Plentiful reddish orange spotted flowers with dark maroon dashes and gorgeous red speckling are produced in summer and it also has a stoloniferous habit, meaning it will wander about a bit below ground but without becoming invasive. It's one I'm really looking forward to bulking up in the garden.

Wednesday, 20 November 2013

The Dillon Garden, Dublin. July 2013

There are some gardens that you visit that you just can't wait to see again, The Dillon Garden is one of them.

The garden is the creation of Scottish born Helen Dillon and her husband Val, located in Ranelagh, south Dublin.
Helen is famous among plants people as a connoisseur of amazing, stunning plants. The thing is, although she grows so many unusual things its not your usual plants nut's garden, so often we fall into the trap of creating a collection of plants rather than a thing of beauty. Rather, Helen has an artistic eye and combines colours and different forms beautifully.
Sadly the battery on my camera died so I had to resort to taking pictures on my phone.....

The front garden is quite restrained, a breathing space, cool and sophisticated.
However in my eagerness to see the back garden I rushed through without taking proper pictures.

Before, when visiting the route to the back garden was down the side of the house but on this occasion I went straight to the front door. 
The sight that greets you when looking out the long windows of the drawing room at the rear of the house is stunning, and probably one of the most photographed views of the garden.

Entry to the garden from the rear of the house is via a raised deck which has been attached to the house below which is nestled a lush sheltered seating space.

I was amazed at the sheer number of flowers on the Nicotiana mutablis, simply amazing:
The secret, I have been informed by Helen, is to overwinter cuttings taken from the base of first year plants and overwintered frost free, then when planted out in year two you get an avalanche of candyfloss pink like this.

Along the base of the house wall various potted succulents spend the summer months basking in the Irish sunshine. (Irony alert!)

Looking across the end of the canal

The green firework explosions that are the heads of Cyperus papyrus

Sonchus fruticosus growing in one of Helen's famous containers.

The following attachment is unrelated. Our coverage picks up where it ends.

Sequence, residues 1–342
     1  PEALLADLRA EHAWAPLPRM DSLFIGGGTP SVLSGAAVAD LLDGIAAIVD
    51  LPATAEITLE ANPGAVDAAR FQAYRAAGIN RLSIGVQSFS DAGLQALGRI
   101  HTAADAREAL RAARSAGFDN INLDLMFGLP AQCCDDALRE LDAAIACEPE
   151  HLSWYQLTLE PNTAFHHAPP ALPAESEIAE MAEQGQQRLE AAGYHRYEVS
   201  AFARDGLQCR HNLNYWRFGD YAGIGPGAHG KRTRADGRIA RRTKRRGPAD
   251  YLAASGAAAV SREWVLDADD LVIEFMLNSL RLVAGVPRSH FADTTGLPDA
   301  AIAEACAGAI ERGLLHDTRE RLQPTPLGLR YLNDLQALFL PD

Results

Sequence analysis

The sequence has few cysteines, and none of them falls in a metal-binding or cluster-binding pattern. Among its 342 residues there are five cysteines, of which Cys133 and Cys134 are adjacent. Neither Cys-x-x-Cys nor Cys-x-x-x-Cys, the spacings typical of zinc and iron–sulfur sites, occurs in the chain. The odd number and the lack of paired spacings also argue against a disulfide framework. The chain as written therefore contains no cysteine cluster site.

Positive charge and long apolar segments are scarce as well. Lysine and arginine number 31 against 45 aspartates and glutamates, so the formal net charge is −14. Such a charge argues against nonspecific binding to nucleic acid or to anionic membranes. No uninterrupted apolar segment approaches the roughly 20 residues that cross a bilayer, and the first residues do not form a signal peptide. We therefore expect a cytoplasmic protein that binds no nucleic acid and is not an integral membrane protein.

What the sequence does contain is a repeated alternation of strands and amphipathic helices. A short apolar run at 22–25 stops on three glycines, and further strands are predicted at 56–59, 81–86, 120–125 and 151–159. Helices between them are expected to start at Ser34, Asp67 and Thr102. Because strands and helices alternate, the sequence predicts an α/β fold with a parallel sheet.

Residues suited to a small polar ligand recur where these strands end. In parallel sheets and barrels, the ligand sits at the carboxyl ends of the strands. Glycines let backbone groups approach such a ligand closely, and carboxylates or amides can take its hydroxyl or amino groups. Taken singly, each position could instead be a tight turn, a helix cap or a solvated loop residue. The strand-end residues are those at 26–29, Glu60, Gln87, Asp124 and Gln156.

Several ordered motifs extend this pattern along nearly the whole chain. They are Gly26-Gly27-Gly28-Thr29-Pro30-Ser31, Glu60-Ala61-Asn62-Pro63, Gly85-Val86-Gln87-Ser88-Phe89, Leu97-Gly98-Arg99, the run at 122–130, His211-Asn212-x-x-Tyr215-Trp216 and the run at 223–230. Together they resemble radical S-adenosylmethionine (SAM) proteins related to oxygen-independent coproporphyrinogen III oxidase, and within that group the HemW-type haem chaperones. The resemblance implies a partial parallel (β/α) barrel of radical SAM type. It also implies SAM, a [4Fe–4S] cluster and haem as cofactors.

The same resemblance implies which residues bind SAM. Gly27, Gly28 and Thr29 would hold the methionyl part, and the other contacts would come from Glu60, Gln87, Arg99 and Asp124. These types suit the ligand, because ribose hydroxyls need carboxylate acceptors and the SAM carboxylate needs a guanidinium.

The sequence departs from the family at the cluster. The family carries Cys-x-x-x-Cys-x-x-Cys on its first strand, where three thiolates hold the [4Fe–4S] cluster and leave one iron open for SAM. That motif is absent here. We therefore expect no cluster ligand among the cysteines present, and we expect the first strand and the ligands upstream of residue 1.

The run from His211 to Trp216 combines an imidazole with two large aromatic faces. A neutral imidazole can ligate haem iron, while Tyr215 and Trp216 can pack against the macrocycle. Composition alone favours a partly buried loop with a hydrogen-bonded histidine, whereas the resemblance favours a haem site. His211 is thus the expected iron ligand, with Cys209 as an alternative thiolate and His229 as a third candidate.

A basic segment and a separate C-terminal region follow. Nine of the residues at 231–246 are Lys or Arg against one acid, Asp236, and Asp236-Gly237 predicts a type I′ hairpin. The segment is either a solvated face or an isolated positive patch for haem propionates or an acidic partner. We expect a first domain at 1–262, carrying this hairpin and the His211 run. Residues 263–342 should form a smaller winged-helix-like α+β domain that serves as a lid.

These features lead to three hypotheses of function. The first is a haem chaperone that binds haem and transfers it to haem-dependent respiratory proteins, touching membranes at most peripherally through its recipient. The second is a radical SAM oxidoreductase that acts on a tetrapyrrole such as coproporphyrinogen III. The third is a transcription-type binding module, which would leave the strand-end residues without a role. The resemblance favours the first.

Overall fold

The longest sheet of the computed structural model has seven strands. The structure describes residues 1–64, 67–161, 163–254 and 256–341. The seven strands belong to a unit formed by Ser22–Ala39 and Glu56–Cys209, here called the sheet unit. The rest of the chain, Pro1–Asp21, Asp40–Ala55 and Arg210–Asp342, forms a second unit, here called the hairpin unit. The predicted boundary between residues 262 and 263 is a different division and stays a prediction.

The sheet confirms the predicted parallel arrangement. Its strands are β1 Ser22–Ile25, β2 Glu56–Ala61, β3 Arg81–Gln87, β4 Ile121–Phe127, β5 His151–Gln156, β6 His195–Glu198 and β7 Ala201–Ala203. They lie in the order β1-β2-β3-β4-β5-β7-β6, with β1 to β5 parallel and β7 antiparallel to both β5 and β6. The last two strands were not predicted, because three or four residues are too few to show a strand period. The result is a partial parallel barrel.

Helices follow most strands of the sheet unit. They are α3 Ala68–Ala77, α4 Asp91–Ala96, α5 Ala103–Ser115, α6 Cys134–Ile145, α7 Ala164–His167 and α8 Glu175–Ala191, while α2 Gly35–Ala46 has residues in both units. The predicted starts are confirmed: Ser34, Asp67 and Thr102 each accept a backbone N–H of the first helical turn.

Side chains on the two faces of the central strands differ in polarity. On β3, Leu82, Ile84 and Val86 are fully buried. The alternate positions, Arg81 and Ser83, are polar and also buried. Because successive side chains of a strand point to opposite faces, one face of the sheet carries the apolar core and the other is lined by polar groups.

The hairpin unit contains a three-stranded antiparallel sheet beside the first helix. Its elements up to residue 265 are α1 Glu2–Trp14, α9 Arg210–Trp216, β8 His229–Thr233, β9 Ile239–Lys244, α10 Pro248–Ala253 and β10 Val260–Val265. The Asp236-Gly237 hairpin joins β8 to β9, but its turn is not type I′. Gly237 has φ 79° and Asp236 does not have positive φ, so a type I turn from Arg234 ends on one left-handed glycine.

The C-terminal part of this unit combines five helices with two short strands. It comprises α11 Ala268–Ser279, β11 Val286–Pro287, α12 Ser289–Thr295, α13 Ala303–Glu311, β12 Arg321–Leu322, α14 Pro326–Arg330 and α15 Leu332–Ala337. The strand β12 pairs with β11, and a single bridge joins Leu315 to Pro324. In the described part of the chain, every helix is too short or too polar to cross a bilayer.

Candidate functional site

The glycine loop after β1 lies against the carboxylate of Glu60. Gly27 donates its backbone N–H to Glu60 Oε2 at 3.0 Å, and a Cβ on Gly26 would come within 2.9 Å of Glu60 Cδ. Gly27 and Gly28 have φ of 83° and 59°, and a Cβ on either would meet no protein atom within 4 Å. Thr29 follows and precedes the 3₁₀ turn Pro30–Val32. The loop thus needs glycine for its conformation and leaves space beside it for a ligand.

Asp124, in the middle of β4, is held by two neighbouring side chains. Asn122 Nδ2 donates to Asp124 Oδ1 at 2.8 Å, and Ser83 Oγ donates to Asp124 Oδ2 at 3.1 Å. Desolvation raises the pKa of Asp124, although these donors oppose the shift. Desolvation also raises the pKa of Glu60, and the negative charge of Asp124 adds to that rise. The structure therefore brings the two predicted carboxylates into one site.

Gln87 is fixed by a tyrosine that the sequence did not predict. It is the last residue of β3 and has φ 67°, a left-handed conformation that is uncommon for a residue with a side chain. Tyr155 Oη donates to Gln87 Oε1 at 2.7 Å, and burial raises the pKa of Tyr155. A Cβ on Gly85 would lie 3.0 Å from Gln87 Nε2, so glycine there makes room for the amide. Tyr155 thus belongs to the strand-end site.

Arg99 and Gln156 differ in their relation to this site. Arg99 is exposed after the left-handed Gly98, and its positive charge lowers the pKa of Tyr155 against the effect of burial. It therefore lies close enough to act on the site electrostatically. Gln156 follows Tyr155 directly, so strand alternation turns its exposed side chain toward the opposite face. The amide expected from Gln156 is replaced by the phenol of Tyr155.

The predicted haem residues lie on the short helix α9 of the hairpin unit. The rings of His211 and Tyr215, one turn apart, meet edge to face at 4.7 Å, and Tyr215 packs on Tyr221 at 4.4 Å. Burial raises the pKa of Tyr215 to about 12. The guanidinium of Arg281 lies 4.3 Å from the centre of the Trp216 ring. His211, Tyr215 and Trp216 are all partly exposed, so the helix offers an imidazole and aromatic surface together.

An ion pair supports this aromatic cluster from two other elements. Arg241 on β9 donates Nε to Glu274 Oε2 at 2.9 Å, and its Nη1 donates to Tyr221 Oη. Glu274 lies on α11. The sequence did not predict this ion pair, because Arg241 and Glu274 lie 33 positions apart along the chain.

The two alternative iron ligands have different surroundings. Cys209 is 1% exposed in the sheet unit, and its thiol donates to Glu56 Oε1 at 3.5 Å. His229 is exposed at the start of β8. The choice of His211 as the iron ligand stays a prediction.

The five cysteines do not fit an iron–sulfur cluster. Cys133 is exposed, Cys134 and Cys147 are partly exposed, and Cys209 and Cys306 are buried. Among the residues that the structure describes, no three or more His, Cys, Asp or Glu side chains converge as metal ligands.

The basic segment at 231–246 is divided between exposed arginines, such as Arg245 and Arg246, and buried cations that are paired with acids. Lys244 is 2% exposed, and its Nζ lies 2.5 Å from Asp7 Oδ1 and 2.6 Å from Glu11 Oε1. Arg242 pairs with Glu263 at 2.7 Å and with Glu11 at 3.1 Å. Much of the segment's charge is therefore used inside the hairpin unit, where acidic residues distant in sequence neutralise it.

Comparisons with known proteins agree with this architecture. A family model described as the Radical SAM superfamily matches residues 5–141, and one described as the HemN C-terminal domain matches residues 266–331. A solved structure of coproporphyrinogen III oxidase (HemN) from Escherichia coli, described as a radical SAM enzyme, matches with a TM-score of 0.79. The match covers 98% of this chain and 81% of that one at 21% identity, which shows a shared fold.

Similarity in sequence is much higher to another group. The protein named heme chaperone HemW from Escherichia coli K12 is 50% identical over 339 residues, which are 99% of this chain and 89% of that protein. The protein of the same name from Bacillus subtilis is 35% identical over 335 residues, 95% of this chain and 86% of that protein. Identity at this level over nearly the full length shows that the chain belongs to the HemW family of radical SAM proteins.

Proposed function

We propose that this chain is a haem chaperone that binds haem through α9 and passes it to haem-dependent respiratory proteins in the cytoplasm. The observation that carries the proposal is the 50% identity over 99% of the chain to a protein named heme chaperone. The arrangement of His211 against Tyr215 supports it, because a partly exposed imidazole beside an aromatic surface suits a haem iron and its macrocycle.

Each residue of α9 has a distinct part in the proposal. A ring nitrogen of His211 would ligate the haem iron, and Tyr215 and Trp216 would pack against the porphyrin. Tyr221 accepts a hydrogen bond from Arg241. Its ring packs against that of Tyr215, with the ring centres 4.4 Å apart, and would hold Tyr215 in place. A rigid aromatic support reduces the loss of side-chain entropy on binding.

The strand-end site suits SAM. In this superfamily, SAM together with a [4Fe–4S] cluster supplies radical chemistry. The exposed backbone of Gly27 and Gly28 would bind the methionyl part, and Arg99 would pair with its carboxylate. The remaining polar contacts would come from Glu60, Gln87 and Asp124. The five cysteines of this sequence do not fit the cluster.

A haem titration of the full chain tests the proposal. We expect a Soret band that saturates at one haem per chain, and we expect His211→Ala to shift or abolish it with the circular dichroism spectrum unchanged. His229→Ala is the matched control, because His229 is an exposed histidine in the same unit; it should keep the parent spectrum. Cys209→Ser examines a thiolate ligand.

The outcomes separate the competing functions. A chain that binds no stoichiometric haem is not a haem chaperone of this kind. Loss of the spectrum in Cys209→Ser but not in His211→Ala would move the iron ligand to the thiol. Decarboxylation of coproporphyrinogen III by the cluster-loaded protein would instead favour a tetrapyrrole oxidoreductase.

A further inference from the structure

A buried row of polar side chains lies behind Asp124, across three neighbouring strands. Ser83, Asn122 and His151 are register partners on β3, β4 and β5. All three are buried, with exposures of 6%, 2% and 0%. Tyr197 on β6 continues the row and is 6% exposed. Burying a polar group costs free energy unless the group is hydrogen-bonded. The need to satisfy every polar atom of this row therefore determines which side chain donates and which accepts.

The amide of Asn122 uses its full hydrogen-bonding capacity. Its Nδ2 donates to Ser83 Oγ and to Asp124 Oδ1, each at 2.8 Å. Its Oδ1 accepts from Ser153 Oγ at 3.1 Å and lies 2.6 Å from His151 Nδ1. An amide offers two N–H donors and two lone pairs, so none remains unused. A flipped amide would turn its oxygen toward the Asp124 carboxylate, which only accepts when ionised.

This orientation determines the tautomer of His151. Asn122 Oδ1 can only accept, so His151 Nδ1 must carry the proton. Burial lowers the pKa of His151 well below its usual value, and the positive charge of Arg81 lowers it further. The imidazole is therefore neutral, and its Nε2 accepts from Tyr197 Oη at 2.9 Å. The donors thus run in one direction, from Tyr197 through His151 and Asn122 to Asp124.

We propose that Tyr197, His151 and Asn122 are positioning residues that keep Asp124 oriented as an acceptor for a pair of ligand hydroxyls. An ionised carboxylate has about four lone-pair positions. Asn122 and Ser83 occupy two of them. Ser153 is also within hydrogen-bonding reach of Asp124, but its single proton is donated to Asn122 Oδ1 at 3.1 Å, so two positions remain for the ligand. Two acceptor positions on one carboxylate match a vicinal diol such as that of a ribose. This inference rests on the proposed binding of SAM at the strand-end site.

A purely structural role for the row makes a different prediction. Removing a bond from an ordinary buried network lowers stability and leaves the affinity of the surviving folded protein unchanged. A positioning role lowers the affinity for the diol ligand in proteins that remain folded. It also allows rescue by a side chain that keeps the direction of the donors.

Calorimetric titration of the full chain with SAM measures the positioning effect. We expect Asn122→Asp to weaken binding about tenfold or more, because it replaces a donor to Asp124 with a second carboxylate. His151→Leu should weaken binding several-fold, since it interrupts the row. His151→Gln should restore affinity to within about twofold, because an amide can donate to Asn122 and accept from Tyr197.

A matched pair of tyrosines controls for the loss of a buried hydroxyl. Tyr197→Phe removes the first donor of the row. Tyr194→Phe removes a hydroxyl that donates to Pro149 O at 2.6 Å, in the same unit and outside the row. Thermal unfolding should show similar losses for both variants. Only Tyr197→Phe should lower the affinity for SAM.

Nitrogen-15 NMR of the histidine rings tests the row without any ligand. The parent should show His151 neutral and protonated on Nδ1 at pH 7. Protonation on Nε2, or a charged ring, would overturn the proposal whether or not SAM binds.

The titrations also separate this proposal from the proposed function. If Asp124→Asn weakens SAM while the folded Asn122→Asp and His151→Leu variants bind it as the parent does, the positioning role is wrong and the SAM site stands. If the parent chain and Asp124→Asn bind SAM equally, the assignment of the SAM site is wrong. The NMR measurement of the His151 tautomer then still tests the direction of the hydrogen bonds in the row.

I have intense greenhouse envy, and Dasylirion envy

Begonia luxurians and Fuchsia boliviana 'Alba' 

I've been informed by Helen that the sultry dark Pelargonium below 'Lord Bute', 

A particularly dark Pelargonium which looks like sidoides, (and I've been told that for those of you growing sidoides in the British Isles, what you have probably isn't sidoides at all but a hybrid!)


Canna 'Durban' and Pelargonium 'Ardens'

Canna 'Erebus' one of the glauca hybrids created at Longwood gardens.

A nice unnamed red which Helen got in India (at least I think that's what she said)

Looking back towards the glasshouse.

Dianthus 'Chomley Farran', it's amazing, I'm not one to lust after Dianthus but this one I've got the hots for!
I couldn't detect a scent but you can't have everything, eh?


Succulents growing perfectly in a raised bed, looking impeccable despite the high rainfall we get in Ireland.

Aloe polyphylla

Agave bracteosa

The stark but beautiful canal set in Irish limestone, exuberant colour bordering each side.

The rear of the garden is planted lushly with cool greens of ferns, grasses, Astelia and numerous Aralia.

Cautleya spicata

Look at the Woodwardia unigemmata, freakin' amazing!!!!!

Hydrangea arborescens 'Annabelle'

Leycesteria formosa 'golden lanterns' and the stunningly foliaged Rosa glauca. Why has this rose not been used to create hybrids with better leaves?

A cloche keeping the wet off Mandragora officinarum

So that's it, a brief tour of the Dillon Graden. I could have taken pictures of hundreds of plants and vistas so perhaps my lack of camera was a good thing!